Extended Brief Interventions: who, when, where, and other questions?

29 May

Last year, I did a study Evaluating EBI in alcohol settings – May 2011 as part of a Certificate in Drug and Alcohol Studies at University of Stirling which I thought might be useful for other people looking to offer EBI/Brief Treatment in alcohol settings delivered by alcohol specialists.  It is very small scale and, of course, biased by my position in relation to the research participants, and was my first foray into the Social Sciences but hoping it will be of some use.

Abstract

While Increasing Risk drinkers can access Brief Advice (short, structured advice) through generalists, and High Risk/dependent drinkers can access specialist alcohol treatment, the needs of those drinkers who fall between these two groups—known as Higher Risk drinkers—are often overlooked by both generalist services and specialist alcohol settings.  Extended Brief Interventions (EBI)—short motivational sessions with follow-ups—have been recommended in national guidance as a means of filling this gap in provision.  The present study sought to explore and evaluate the effectiveness of alcohol specialists delivering EBI as a form of Brief Treatment (BT).

A literature review was conducted, focusing first on the evidence regarding the comparative efficacy of Brief Advice (BA) and EBI, and then on comparative studies of EBI with more intensive treatment.  In reviewing the literature, it was concluded that, whilst there is a broad consensus that BA is as effective as EBI and that BT can be as effective as intensive treatment, it does not follow that either EBI or more intensive treatment is ineffective or unnecessary.  In spite of some patent flaws in the evidence base, EBI and BT are legitimate modalities for Higher or High Risk individuals who require more than BA and less than treatment proper.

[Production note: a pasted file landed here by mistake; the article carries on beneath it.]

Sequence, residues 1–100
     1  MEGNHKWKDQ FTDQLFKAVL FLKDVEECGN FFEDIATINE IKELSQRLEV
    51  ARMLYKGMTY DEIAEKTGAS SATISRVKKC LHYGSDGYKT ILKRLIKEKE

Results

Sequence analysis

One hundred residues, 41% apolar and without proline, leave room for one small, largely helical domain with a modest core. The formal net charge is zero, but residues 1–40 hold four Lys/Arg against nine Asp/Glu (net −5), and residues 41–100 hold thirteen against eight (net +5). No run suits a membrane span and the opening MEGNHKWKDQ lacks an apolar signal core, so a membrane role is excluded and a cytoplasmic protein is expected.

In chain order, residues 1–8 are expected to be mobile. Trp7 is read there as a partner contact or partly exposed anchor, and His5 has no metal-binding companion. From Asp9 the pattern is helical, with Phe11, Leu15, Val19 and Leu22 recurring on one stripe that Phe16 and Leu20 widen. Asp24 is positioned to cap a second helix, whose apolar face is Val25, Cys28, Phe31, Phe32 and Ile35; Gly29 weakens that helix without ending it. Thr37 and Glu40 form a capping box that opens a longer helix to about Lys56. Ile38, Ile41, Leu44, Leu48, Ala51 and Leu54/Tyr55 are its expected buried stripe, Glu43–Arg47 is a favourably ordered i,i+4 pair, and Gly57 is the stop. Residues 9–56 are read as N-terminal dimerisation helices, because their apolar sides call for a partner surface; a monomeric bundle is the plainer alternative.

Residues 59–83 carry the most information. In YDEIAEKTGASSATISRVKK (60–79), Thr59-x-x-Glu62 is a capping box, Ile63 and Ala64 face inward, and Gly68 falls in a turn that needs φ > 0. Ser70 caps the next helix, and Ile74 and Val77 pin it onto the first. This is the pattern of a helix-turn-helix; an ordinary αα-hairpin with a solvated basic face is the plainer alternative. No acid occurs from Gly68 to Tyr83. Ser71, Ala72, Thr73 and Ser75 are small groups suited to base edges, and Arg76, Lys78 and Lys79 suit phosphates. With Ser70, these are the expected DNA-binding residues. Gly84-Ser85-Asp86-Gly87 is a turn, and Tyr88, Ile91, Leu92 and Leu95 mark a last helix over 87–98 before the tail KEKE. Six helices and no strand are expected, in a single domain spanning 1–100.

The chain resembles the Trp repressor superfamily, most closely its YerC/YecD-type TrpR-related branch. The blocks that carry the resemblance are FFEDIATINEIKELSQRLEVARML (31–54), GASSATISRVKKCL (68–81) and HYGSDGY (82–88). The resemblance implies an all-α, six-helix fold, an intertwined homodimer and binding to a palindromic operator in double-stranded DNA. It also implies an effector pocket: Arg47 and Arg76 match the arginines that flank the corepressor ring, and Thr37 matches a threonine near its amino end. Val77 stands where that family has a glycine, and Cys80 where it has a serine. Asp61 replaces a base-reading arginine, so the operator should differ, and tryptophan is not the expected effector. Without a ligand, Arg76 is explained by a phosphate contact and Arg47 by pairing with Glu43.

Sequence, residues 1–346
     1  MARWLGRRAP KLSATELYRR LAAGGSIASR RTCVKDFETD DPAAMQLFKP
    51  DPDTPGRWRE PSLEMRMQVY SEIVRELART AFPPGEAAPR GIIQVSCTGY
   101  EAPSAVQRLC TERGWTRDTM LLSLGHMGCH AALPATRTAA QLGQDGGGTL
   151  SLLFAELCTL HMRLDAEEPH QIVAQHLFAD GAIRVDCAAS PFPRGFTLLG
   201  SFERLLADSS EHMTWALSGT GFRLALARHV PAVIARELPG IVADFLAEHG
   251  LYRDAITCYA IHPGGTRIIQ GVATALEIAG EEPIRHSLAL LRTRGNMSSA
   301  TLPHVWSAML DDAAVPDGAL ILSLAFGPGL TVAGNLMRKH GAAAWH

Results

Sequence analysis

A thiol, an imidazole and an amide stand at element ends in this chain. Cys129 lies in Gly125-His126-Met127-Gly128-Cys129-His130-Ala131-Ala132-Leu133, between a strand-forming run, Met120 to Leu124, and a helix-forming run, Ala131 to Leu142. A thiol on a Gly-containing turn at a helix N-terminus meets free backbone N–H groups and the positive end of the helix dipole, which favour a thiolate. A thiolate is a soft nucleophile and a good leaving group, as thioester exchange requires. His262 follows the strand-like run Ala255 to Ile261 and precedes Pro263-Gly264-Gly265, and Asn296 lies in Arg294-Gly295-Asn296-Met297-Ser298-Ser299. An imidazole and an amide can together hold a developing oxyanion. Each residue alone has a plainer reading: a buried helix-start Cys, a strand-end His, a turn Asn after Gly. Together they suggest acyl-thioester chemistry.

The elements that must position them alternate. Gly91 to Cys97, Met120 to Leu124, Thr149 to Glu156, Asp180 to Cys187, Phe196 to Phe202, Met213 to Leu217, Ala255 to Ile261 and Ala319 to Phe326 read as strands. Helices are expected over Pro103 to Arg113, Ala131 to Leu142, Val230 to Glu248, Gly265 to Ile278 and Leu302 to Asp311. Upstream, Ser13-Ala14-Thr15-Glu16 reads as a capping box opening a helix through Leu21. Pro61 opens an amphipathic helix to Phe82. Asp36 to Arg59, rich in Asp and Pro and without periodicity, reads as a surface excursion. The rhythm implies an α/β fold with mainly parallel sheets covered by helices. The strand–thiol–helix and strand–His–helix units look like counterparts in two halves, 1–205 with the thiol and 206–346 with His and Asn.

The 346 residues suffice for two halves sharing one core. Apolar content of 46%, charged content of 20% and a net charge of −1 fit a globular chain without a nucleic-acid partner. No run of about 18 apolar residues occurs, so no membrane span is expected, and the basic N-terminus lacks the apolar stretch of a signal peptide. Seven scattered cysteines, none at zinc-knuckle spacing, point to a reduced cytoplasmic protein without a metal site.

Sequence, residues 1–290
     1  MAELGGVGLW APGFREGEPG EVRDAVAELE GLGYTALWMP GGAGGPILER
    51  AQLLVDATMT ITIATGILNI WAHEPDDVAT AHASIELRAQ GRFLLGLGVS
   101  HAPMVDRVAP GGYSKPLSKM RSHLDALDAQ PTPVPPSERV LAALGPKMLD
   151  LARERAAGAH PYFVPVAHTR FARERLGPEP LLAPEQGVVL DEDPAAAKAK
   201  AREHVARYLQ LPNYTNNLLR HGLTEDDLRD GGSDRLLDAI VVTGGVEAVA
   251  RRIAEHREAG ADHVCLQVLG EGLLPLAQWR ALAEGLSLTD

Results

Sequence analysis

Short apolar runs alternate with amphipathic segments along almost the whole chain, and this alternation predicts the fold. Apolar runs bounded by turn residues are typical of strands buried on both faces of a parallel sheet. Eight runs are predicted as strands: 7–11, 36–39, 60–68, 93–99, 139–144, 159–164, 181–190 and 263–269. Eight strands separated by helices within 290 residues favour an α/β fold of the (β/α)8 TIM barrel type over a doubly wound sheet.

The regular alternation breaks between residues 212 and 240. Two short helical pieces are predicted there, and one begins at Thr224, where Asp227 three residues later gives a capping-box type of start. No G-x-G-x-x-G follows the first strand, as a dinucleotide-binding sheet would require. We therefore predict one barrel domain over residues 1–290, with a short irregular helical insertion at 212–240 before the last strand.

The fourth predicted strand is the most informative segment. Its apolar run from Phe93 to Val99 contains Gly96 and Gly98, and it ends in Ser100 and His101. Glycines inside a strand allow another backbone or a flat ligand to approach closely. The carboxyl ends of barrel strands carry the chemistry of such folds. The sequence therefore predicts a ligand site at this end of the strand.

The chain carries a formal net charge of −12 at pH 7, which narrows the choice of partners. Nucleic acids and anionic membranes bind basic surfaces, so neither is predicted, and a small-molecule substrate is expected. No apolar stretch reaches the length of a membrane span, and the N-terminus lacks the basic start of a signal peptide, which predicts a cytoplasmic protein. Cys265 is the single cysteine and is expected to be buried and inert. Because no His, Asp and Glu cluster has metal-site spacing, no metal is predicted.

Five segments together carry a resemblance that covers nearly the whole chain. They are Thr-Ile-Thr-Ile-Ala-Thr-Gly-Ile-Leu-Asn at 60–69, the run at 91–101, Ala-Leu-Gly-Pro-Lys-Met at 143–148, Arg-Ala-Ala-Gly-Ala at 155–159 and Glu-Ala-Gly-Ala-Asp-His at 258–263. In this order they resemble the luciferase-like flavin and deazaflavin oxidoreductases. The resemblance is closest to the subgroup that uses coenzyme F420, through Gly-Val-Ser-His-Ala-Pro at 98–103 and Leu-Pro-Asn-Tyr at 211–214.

In January 2011, a local alcohol service in North London, HAGA—the author’s employer—introduced EBI as a new treatment option.  Under this new treatment pathway, all clients were to be screened at entry and exit using the Alcohol Use Disorders Identification Test (AUDIT) in addition to the Treatment Outcomes Profile (TOPS).   All appropriate Higher Risk drinkers (AUDIT score 16-19) were to be offered one to four EBI sessions instead of longer-term treatment.

The researcher undertook analysis of data relating to HAGA’s EBI client cohort (January-March 2011), conducted semi-structured interviews with members of this cohort, and sought commissioner perspectives on EBI through an online questionnaire

During the period under analysis, twelve individuals were allocated as EBI clients; of which 75% (n=9) received EBI.  All twelve clients were approached to take part in semi-structured interviews and 41.67% (n=5) took part; of which 80% had received EBI.  The interviews explored client’s experiences of EBI, and the advantages and disadvantages of alcohol services providing EBI.